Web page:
On the surface, our feet appear to be pretty simple: five toes, your heel, your arch, and your toe’s knuckles. Nothing too complicated.
The number of bones tells a different story. Each foot is made up of 26 bones, 30 joints and more than 200 muscles, tendons and ligaments. In fact, nearly 1/4 of the body’s bones are in our feet. This network of tiny bones are intricately arranged to provide us with the flexibility, support and balance we need for different kinds of movement.
So what are all of these bones called? What do they do? And where are they in the foot?
In this article, you’ll find a rundown of the bones in the foot, and some common injuries that affect them.
Generally, since we have five toes, bones in the feet are grouped in fives. For example, there are five metatarsals and five tarsals. Below you’ll find the primary bones in our feet.
The bone on top of the foot that forms a joint with the two bones of the lower leg – the tibia and fibula. The ankle joint allows your foot to move up and down, and transfers weight from the lower legs to the foot. There are interestingly no muscles that attach to the talus, a rarity in the human body.
The largest bone of the foot, which lies beneath the talus to form the heel bone (hence why it is also referred to as the heel bone). According to the American College of Foot and Ankle Surgeons, the calcaneus is often compared to a hardboiled egg because it has a thin, hard shell on the outside and softer, spongy bone on the inside. When the outer shell is broken, the bone tends to collapse and become fragmented.
Five irregularly shaped bones of the midfoot that form the foot’s arch. The tarsal bones are the cuboid, navicular and medial, intermediate and lateral cuneiforms.
Five bones (labeled one through five, starting with the big toe) that make up the forefoot. Metatarsals are numbered one through five, starting from your first metatarsal, which is the bone in the foot just behind the big toe. It’s also the shortest, but thickest and strongest of the five. Moving towards your small toe, the remaining three are your second, third, fourth and fifth metatarsals, respectively.
The joints in your toes are also numbered the same way. Each toe has two joints: the metatarsophalangeal joint (at the base of the toe), and the interphalangeal joint (in the middle of the toe). For example, the first metatarsophalangeal joint (commonly referred to as the “MTP joint”) is located in the big toe. Bunions are a common foot condition that affects the MTP joint at the base of the big toe.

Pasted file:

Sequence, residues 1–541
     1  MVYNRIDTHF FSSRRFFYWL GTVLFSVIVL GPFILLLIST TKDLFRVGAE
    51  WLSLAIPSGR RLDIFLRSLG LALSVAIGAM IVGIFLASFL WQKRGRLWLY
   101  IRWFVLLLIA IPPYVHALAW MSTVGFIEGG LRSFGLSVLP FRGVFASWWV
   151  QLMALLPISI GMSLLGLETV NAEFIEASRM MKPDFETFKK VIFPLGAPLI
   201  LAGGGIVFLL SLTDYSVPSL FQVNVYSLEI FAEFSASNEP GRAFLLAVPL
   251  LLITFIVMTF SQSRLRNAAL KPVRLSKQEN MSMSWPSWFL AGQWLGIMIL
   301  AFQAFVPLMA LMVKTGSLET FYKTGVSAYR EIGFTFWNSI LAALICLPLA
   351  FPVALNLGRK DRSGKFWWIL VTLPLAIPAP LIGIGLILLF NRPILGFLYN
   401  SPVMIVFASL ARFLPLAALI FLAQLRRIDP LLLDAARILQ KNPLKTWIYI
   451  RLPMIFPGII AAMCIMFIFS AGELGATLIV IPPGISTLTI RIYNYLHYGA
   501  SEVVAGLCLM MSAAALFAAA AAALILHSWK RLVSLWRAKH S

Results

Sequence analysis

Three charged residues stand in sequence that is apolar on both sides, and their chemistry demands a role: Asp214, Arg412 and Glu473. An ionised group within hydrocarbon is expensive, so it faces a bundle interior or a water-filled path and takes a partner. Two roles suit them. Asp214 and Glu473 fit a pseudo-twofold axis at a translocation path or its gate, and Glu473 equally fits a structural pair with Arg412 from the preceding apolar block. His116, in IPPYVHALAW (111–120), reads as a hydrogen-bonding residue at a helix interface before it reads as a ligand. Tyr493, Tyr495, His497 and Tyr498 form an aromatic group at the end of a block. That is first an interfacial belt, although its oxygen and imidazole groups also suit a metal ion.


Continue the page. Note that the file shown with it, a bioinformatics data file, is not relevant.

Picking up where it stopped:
These 14 bones make up the toes. The big toe consists of two phalanges – the distal and proximal. The other toes have three.
Two small, pea-shaped bones that lie beneath the head of the first metatarsal in the ball of the foot. Generally, one is found on the side of the first metatarsal while the other is found toward the middle.
In terms of foot conditions, injuries to the bones include breaks, stress fractures, and bone bruises. Foot conditions can also affect the inter-workings of the foot such as the muscles, tendons, and joints. These conditions can include osteoarthritis, rheumatoid arthritis, tendonitis, neuroma, and tendinosis.
There are 2 general types of breaks: proximal avulsion fracture, and a Jones fracture.
Proximal avulsion fractures are common and usually occur alongside a sprained ankle. This type of fracture usually heals by using a rigid shoe, splint, brace or elastic bandage. You may also need to take it easy for a bit and limit weight-bearing activities, so the injury can heal.
Jones fractures are much less common but does not heal as well. This kind of fracture gets worse with time if you keep walking on it, so non-weight bearing is very important. People with this fracture are more likely to develop complications during the healing process, and may require an operation. Improperly healed injuries can also lead to osteoarthritis, so make sure you follow your care provider’s instructions.
The fifth metatarsal (the one attached to the pinkie toe) is the most common broken bone in the midfoot.
Bone generally takes 6-12 weeks to heal. Children’s bones generally heal faster than adult’s.
Osteoarthritis is essentially wear-and-tear of the joints in our feet. It occurs when the cartilage that cushions the joints breaks down from overuse, causing the bones start rubbing against each other. This can lead to pain, inflammation and other bone damage, like bone spurs. Osteoarthritis is typically age-related, but it can also develop over time when an injury doesn’t heal properly. One of the best ways to lower the risk of developing osteoarthritis is to strengthen and condition the muscles and joints in our feet, legs and core region. Check our our Pinterest page for some quick and easy exercises you can do from home.
A Bunion is an injury to the first Metatarsophalangeal joint (first MTP joint). This is the joint at the base of our big toe that connects our big toe to the rest of the foot. This is a very important joint: it in fact absorbs several times our body weight when we move. A bunion occurs when pressure on the big toe forces the toe inwards and the MTP joint then starts protruding outward. Unfortunately, the only way to permanently reverse a bunion is surgery, but there are many ways you can stop them from forming or getting worse, the most important being proper footwear. In fact, the most common cause of bunions is ill-fitting footwear, specifically high heels or shoes that are too narrow at the toe box.
No matter what part of your foot hurts, our experts are here to help. Whether it’s a mild or severe foot condition, you can rest easy knowing we’re able and happy to solve all your foot care needs.
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Call us at 416-769-3338 or Book Your Assessment Today!